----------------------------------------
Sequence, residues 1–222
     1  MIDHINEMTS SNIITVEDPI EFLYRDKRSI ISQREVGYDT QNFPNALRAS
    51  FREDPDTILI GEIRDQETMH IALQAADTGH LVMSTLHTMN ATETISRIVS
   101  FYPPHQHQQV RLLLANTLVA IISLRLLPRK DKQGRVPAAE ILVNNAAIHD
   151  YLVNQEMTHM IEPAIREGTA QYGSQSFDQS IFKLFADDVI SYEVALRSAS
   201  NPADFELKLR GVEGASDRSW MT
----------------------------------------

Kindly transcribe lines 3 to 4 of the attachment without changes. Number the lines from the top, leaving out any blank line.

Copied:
    51  FREDPDTILI GEIRDQETMH IALQAADTGH LVMSTLHTMN ATETISRIVS
   101  FYPPHQHQQV RLLLANTLVA IISLRLLPRK DKQGRVPAAE ILVNNAAIHD